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Asteroid ‘wearing a face mask’ is headed for an Earth flyby

Published Apr 25th, 2020 2:07PM EDT
asteroid flyby
Image: Arecibo Observatory / NASA/ NSF
  • The asteroid known as 1998 OR2 will pass by Earth next week, and a new image of the rock makes it look as though the rock is wearing a face mask.
  • Face masks are in high demand with the coronavirus pandemic still looming, so it’s nice to see an asteroid respecting the health of Earth’s inhabitants.
  • Visit BGR’s homepage for more stories.

Thanks to the ongoing global health crisis, face masks are a highly sought-after item these days. Companies that never made face masks before are now making them by the thousand, and government agencies are rolling out their own DIY guides on how to make masks at home. It’s a whole thing.

Now, wouldn’t you know it, an asteroid is about to make a flyby of Earth next week and, well, it kinda looks like it’s wearing a face mask of its own. The space rock known as 52768 (1998 OR2) is fairly large, measuring an estimated 1.2 miles in diameter, and a recent image of the object sure looks familiar.

The images of the asteroid were snapped by researchers at the Arecibo Observatory in Puerto Rico, and the rock just happened to be at an orientation where it looks like a big round head with a face mask strapped on the front.

The space rock won’t be getting too close to Earth, and it’ll only be around 3.9 million miles from Earth at its closest approach. Still, that’s close enough for researchers to snap some images of it and study its trajectory for future forecasting.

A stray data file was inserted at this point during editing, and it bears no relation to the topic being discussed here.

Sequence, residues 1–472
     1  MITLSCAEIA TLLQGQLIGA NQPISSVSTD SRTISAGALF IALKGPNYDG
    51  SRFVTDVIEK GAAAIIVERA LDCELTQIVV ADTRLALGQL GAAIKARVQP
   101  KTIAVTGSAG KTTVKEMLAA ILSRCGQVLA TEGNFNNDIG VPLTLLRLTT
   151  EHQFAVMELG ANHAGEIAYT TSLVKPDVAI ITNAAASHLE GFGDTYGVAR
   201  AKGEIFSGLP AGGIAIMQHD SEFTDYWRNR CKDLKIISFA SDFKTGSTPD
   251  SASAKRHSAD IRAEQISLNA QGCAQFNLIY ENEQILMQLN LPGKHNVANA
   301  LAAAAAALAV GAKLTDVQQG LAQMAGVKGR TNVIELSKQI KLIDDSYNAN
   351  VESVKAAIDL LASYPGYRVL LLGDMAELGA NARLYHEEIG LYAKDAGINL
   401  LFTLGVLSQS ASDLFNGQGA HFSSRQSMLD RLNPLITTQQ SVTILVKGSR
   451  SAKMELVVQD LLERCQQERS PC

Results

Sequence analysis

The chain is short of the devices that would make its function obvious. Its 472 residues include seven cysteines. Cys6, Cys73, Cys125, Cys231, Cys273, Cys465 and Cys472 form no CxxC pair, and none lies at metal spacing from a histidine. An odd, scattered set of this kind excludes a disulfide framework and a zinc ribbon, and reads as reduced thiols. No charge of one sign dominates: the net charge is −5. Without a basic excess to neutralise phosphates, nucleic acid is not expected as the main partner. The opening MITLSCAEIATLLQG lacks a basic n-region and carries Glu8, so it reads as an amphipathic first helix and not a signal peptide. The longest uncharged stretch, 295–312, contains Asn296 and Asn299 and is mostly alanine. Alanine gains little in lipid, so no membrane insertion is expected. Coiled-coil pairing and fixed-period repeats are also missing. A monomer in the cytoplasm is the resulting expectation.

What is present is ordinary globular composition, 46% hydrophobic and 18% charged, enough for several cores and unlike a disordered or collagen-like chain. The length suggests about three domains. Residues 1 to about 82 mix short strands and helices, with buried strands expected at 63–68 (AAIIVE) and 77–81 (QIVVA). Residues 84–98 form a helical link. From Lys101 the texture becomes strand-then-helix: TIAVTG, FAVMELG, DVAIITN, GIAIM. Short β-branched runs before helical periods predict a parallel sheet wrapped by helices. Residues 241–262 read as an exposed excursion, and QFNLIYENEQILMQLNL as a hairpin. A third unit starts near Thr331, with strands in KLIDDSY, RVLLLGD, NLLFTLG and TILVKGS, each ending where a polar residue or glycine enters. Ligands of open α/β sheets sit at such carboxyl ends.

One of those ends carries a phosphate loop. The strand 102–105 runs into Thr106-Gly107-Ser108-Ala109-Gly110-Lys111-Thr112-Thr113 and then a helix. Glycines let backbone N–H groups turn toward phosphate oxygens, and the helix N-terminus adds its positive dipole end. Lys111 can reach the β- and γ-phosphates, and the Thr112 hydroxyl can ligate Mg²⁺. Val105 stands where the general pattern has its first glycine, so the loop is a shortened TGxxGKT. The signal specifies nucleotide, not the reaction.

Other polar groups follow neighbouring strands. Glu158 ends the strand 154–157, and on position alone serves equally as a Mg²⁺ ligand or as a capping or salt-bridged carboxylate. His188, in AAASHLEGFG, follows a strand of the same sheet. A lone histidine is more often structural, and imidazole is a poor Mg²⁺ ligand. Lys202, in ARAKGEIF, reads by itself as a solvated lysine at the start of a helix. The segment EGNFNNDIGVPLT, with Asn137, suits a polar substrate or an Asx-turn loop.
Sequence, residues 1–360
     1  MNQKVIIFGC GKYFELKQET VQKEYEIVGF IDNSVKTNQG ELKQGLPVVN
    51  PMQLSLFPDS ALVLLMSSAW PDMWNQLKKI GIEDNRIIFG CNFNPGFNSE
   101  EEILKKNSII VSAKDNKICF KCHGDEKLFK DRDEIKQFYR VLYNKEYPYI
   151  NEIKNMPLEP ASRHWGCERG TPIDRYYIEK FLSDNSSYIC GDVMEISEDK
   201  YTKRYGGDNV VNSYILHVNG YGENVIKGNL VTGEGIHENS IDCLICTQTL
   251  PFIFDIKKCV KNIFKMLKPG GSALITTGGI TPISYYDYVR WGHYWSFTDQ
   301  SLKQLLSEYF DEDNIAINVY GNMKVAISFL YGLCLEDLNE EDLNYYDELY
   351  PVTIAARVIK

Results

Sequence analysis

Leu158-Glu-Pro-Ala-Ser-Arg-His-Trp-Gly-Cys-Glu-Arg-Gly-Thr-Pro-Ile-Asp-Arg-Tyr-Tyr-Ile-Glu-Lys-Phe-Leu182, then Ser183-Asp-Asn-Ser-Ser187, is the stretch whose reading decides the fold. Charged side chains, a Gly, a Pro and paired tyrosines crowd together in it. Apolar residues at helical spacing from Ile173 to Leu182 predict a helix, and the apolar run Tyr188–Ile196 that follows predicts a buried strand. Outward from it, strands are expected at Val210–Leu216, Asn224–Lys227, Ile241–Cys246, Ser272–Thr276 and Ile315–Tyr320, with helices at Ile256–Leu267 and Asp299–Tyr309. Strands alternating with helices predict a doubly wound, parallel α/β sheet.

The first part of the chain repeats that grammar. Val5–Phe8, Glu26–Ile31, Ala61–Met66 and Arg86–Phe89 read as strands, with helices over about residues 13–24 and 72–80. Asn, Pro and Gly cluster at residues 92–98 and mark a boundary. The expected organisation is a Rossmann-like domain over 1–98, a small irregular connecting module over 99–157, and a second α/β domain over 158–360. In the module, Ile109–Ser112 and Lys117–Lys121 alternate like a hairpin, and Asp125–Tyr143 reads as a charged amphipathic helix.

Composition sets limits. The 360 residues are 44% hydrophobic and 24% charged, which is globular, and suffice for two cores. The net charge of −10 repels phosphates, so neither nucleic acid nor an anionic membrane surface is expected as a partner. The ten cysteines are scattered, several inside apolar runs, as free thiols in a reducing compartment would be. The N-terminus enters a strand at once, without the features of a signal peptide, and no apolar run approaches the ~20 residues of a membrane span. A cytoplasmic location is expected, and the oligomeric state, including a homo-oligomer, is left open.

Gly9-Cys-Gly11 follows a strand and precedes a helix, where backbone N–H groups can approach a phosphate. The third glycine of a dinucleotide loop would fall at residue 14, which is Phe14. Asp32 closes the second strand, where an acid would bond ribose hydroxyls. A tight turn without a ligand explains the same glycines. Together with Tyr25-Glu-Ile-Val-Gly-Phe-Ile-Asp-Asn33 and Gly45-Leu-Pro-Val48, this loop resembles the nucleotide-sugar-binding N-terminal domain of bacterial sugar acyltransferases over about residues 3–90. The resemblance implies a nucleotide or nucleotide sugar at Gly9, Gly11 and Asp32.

“The small-scale topographic features such as hills and ridges on one end of asteroid 1998 OR2 are fascinating scientifically,” Anne Virkki, of the Arecibo Observatory said in a statement. “But since we are all thinking about Covid-19, these features make it look like 1998 OR2 remembered to wear a mask.”

Understanding the orbits objects like 1998 OR2 help astronomers forecast the likelihood that they will pose a problem from us in the future. We can be reasonably certain that an asteroid won’t impact our planet as long as we can predict its orbit within a reasonable degree of accuracy.

At over a mile wide, 1998 OR2 would cause some serious problems if it were to impact our planet directly. It might not be a true “planet killer,” but it would absolutely devastate the area in which it came down. We don’t have to worry about that, which is obviously good news, but many astronomers believe Earth is overdue for a serious asteroid impact event.

Observational technology has revealed many of the space rocks that could pose a threat to Earth, and so far it would appear we’re getting quite lucky. 1998 OR2 isn’t going to hit us, it’s respecting social distancing, and it even remembered to wear a mask. What a thoughtful space rock.